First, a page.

Geingob says hate speech is a great concern

Tujoromajo Kasuto

President Hage Geingob says he believes hate speech fuels extremist views and is a cause of great concern with the world witnessing a growing trend of extremism.

He says it is in unity that strength lies and it is in pursuing policies of inclusion that will build robust processes, systems and institutions that will imbue trust, confidence and cooperation in efforts of building peaceful, prosperous and inclusive societies. “Hate has no place in society. It distracts from inherent human capacity to show compassion and uplift the human spirit,” he adds.

Geingob expressed these sentiments virtually as keynote speaker at the Global Ministerial Conference on the role of Education in Addressing and Building Resilience Against Hate Speech. He commends the United Nations’ Secretary General, António Guterres, for leadership in facilitating this important conference, in line with the commitments of the UN Strategy and Plan of Action on Hate Speech.

Geingob says hate speech plants the seeds of disunity, hatred and intolerance, leading to breaking down the fabric of basic human values and this trend poses a great danger to efforts of promoting multilateralism, cooperation, and seeking peaceful solutions to conflict. “Inclusivity spells harmony but exclusivity spells conflict,” he emphasises.

“Hate speech is a catalyst for exclusivity, and therefore a direct threat to our shared values of caring, solidarity and compassion. It is a menace in our societies, which if not addressed, with all seriousness, will undermine our aspirations and efforts to building a more equitable, peaceful and prosperous world for all,” maintains Geingob.

The President notes that the Covid-19 pandemic has amplified existing concerns related to the spread and use of hate speech globally. It has also created new vulnerable groups targeted by hate speech.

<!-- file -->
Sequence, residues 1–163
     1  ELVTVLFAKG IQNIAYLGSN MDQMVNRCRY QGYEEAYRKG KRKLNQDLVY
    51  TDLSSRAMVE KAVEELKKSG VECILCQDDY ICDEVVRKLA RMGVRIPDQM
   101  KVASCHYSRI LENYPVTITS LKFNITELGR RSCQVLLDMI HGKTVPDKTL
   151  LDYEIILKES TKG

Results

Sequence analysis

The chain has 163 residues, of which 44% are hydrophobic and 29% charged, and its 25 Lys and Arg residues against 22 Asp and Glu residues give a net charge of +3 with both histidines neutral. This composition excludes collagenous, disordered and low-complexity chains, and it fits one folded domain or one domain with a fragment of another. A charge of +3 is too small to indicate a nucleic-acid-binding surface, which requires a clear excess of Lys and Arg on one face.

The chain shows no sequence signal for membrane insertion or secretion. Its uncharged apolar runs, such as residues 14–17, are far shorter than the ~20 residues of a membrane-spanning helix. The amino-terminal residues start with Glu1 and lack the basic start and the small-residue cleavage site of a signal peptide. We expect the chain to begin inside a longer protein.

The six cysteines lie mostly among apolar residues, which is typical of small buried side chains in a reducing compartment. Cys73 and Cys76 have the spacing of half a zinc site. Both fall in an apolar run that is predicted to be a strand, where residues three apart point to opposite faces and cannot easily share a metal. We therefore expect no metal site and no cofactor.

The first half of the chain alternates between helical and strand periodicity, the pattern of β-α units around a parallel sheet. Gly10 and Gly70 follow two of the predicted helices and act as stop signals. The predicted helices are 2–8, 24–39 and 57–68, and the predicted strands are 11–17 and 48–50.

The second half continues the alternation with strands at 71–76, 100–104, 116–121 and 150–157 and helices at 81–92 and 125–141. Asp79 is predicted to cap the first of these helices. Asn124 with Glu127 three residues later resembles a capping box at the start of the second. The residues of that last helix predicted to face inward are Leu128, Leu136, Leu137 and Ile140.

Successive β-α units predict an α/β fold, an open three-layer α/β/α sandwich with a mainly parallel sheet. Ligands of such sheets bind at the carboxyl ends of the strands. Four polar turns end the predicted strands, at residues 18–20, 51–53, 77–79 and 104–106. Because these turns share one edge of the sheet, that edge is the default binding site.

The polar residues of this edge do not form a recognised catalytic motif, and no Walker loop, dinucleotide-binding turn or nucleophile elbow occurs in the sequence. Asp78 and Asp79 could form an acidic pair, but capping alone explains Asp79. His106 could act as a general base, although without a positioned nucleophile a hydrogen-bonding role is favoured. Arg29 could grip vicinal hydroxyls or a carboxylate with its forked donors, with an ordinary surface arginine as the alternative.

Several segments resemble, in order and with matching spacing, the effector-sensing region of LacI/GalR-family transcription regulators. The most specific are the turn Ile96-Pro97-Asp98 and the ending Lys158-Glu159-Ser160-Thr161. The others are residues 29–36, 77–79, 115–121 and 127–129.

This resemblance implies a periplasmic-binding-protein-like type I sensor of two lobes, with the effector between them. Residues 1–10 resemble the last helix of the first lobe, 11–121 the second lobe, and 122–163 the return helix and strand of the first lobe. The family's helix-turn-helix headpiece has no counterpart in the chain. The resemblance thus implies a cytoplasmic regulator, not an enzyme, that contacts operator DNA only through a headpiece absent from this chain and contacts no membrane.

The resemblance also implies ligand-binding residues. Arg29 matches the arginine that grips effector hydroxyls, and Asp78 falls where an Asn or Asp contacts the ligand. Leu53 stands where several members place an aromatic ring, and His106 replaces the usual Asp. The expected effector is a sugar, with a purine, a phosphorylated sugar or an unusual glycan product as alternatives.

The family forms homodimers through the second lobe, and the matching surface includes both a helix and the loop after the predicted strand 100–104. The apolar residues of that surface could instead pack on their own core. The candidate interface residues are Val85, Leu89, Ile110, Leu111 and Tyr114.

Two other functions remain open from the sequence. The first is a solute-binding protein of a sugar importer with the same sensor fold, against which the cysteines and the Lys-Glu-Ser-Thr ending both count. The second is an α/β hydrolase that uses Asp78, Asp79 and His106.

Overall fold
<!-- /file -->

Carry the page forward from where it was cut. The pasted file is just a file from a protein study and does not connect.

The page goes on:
Thus, he says, the need to ensure that education and training, especially at schools, including via online platforms, also addresses Covid-19 related hate speech, disinformation and misinformation by encouraging critical thinking, social and emotional skills and responsible engagement through global citizenship and human rights education.

“It is my fervent hope that this Ministerial Conference will achieve fruitful discussions on how to build supportive learning communities, which entrench in our learners, appreciation for the diverse world that they are born into. I further hope that the outcome document will devise clear actions that chisel away.”

Beyond playing a directive role in framing critical thinking skills, schools also play a supportive role in modernising attitudes. On a personal level, in advocating for unity in Namibia, he says he has always used the analogy that nation building is like building a house. “You begin by laying a foundation on which you construct your house, one brick at a time. You conclude by applying plaster and paint, until the individual bricks are no longer visible and all that is left is a strong and sturdy house.”

The President says this is also applicable to the global context where they can think of all the ethnicities of the world as the various bricks that are used to build a house. “This analogy speaks to the essence of how critical we all are and how much value we all add to the Global Village that is the world we live in.”

The Conference was a one-day, high-level online conference, in the presence of Heads of State and Government, Ministers of Education, the United Nations Secretary-General and UNESCO Director-General to endorse global commitments to address hate speech, both on- and offline, through education.

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